Animal Care Students Take Trip of a Lifetime
After 18 months of fundraising, five Animal Care students headed off on a two-week expedition to South Africa to participate in biodiversity surveys run by Operation Wallacea, a conservation research organisation.
Far from a holiday, the students were up and in lectures by 7:30am. They then spent their days taking part in a variety of surveys and counts, where all of the results feed into a larger database for elephant impact and destruction and diversity in South Africa. The surveys included vegetation, game transect and pylon, as well as bird and dung counts.
The group also used GPS to follow animal tracks. Through this tracking, the group saw a variety of animals including elephants, giraffes, wildebeest, warthogs, crocodiles, hippos, buffalo, bats, whales, turtles and monkeys. Guests speakers also spoke to the group about local herpetology and rhino conservation.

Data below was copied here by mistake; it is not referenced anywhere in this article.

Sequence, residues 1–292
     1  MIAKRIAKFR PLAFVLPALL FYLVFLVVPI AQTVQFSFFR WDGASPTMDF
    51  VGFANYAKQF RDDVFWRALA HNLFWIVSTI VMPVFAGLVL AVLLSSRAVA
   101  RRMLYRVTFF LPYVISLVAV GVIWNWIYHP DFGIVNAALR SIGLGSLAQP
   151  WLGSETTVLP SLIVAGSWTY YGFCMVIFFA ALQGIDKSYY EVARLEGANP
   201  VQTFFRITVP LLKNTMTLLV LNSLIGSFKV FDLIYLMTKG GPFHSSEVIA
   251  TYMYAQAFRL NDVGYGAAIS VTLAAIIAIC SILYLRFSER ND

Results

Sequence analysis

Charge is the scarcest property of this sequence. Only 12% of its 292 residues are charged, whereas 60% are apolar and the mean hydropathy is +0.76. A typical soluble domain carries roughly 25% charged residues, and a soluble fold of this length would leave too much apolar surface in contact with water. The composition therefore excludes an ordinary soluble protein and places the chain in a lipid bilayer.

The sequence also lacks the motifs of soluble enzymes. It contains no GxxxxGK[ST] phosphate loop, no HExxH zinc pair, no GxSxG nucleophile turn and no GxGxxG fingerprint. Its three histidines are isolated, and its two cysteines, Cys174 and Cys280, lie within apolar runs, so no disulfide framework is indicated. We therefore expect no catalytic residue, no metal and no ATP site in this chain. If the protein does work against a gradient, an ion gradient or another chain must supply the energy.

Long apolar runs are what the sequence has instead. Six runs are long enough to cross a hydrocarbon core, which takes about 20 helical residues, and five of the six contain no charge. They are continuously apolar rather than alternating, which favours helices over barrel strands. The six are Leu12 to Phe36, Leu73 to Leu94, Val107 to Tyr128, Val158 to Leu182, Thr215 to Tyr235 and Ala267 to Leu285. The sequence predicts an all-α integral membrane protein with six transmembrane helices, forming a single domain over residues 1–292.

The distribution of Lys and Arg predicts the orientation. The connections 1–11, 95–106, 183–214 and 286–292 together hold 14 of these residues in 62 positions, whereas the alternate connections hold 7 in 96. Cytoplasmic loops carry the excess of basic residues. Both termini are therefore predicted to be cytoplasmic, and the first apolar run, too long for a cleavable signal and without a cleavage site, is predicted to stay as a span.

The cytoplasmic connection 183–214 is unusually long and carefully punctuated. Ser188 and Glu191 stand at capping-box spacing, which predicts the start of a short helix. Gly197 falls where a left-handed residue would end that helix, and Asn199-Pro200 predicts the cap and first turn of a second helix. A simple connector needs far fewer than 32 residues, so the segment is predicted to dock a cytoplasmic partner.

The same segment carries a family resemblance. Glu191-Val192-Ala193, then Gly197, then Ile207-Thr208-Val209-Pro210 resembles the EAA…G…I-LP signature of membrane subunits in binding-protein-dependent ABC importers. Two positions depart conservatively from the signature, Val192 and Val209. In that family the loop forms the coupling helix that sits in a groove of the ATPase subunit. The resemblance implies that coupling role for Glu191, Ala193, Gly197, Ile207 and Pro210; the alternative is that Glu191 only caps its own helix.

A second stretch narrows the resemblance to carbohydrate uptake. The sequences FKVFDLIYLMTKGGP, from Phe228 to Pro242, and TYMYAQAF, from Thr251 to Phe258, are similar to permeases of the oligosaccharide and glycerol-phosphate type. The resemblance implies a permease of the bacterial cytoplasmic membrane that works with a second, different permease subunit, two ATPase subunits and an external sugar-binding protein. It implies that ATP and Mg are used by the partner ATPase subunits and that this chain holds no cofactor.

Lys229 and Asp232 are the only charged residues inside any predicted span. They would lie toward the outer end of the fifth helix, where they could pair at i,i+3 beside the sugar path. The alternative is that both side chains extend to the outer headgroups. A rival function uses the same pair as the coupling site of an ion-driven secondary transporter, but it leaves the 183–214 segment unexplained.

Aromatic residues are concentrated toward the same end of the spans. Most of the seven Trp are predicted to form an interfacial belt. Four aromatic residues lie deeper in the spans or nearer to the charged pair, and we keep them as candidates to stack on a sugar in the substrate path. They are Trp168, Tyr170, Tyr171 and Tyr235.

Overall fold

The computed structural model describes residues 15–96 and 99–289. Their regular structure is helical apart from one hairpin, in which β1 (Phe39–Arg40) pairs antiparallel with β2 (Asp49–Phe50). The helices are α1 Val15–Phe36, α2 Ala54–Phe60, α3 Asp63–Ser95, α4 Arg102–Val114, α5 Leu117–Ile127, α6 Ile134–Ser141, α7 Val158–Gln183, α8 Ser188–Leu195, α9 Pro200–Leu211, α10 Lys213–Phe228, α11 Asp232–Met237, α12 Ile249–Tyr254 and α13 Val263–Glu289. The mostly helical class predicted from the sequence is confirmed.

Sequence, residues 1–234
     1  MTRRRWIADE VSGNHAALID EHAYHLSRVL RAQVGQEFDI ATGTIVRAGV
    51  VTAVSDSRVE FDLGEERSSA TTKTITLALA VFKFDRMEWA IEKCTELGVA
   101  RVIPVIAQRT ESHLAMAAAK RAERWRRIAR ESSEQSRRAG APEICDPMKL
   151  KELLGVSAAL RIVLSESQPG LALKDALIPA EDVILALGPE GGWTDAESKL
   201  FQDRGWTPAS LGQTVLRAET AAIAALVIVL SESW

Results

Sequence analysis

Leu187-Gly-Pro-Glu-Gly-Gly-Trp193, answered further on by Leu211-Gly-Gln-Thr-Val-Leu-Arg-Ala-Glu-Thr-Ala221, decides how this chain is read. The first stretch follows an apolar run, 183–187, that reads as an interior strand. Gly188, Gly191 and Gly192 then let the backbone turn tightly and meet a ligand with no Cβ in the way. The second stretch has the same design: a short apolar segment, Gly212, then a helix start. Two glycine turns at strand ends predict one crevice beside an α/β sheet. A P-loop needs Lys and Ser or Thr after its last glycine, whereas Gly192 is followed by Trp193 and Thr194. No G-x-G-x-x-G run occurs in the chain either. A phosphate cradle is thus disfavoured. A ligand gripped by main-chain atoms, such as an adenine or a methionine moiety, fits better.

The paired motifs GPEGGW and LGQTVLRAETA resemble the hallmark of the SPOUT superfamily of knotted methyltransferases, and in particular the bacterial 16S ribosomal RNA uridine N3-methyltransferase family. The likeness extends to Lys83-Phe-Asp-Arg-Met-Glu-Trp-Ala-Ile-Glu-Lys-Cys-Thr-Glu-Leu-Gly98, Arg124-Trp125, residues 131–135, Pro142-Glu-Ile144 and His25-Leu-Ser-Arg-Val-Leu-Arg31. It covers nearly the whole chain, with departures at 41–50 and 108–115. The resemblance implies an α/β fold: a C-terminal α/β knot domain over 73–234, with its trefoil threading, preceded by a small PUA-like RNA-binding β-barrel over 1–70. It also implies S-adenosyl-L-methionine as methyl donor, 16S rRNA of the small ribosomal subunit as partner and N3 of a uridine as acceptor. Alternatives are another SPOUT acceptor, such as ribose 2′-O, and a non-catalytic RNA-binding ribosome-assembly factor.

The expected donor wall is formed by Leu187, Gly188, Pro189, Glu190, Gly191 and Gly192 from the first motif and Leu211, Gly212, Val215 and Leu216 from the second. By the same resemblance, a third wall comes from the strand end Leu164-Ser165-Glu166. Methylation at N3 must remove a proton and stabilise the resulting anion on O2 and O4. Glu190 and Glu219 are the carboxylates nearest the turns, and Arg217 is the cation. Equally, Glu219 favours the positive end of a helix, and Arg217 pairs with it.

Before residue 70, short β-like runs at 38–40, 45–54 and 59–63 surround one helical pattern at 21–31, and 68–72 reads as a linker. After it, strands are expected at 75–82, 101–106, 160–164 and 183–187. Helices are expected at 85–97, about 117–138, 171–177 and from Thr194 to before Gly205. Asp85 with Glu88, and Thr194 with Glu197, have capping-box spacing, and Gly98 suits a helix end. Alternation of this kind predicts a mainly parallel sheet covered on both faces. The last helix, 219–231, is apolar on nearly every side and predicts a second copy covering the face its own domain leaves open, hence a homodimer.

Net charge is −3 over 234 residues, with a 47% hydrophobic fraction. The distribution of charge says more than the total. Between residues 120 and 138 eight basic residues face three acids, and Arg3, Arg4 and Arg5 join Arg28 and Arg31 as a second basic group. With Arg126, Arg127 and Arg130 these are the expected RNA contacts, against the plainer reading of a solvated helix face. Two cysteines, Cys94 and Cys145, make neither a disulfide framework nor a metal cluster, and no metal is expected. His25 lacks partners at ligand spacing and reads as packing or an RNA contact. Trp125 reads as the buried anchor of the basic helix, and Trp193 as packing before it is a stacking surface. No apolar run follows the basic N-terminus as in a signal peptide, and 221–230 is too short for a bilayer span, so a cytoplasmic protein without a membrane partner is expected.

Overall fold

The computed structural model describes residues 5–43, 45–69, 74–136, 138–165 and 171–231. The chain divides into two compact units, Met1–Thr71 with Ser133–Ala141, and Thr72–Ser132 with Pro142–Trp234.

As well as taking part in international biodiversity research projects, the students also got the chance to become qualified open water and scuba divers.
The trip provided the students with the opportunity to work on a real-world research programme alongside academic researchers – an amazing experience for the start of their careers!